One of our family traditions: my mother-in-law, Anne Lynn, creates 350 pounds of Christmas candy every year.
There are many awesome things about this tradition, even beyond that 350 number. For example:
The 30 or so varieties — including butter brickle (hard toffee coated in chocolate and walnuts), peanut butter cups, pretzel cups (crushed pretzels in white chocolate), chocolate-covered cherries, chocolate-dipped pretzels, butterscotch-coconut marshmallows and Christmas-tree-shaped peppermint patties. Anne Lynn has a core set of recipes that she makes every year, and she experiments with a few new ones based on flavor combinations she encounters in chocolate shops while traveling.
The sheer volume of production that’s somehow executed in six weeks in your average home kitchen, with a four-burner stove and a normal amount of counter space. But once candy time comes, the kitchen and dining room are given over completely to confection creating, and as my mother-in-law says, “You’ll be really lucky if you get to eat anything but chocolate.” She’s not kidding. It’s a good thing they have a grill out back.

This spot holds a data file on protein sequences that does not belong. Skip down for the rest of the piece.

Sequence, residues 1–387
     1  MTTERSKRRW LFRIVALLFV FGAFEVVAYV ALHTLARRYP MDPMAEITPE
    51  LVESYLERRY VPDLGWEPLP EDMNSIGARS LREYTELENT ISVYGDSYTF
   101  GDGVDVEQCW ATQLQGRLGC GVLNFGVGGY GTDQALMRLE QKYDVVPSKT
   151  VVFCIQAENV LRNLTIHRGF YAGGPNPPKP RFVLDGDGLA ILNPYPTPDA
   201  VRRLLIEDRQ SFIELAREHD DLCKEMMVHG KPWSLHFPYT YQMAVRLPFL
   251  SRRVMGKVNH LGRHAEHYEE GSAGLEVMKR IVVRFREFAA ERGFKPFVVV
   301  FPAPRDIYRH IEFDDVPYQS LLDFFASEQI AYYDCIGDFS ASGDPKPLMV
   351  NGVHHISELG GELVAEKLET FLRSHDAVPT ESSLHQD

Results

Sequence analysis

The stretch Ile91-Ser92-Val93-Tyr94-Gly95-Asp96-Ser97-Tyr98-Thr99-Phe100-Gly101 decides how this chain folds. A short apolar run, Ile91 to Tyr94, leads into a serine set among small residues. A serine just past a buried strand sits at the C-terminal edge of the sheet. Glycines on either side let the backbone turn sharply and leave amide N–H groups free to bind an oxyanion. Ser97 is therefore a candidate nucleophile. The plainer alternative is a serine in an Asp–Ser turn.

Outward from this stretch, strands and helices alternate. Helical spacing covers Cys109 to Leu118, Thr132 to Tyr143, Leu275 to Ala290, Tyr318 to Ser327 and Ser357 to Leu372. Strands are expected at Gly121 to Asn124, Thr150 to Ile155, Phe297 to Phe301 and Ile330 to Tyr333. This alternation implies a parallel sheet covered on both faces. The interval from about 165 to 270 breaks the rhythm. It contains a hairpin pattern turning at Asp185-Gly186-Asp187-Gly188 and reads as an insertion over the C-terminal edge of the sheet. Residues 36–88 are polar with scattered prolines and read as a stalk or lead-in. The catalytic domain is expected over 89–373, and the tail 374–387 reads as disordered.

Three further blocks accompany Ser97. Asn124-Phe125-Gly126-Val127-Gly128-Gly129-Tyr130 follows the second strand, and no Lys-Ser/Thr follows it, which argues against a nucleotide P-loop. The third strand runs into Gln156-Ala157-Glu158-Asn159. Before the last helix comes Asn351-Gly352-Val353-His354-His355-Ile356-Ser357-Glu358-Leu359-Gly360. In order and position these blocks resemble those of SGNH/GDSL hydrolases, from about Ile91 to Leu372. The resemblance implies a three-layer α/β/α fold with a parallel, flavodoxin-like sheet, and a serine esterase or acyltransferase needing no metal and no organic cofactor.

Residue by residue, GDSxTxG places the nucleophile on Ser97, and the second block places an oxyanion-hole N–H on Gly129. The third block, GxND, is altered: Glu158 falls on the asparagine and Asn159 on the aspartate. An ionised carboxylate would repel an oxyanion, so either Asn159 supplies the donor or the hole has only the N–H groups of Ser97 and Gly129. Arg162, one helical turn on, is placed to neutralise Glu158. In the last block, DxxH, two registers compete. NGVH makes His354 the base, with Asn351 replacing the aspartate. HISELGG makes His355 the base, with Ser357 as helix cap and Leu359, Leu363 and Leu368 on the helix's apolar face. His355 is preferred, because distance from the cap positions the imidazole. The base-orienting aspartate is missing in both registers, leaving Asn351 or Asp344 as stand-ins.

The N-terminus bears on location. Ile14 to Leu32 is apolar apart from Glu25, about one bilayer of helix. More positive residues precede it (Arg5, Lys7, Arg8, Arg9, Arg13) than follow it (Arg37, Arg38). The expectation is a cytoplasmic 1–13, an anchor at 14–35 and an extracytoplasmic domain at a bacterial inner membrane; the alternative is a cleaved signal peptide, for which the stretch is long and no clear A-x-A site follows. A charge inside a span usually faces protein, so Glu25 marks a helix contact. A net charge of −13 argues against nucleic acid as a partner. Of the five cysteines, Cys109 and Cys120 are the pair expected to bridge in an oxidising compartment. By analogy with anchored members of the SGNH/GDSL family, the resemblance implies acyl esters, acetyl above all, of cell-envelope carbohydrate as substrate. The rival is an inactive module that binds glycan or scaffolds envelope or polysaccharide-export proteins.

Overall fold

The straightforward system Anne Lynn uses to determine who she’s going to give the candy to. Every year, she gets out her yellow legal pad with last year’s list. Anyone who was particularly helpful, or kind, to her or her family gets added — even if it’s the woman at the department store she met only once, but who went out of her way to assist. Anyone who didn’t write a thank-you note gets crossed off — even if it’s a long-time friend. Simple, efficient and based on the Golden Rule.
But perhaps the most awesome thing is seeing how many connections and fond memories have been formed over the years because of the candy. Thirty years ago, Anne Lynn’s elderly next-door neighbors invited her into their kitchen to teach her how they made their Christmas candy. She made half a pound that year. Anne Lynn carried on their tradition, keeping their varieties — and now that they’ve passed away, in some small way, them — alive.
When Anne Lynn expanded from half a pound a year to ten, her mother would come over, and they’d crank out the ten pounds in a single day. Now, her brother and sister-in-law, kids, nephew, niece, their significant others and friends travel from as close as a few miles away to as far as thousands of miles away to help out and learn in the candy kitchen.
Convening at the candy kitchen is a chance for family and friends to re-connect to Anne Lynn and to each other, and in some cases, to form new bonds.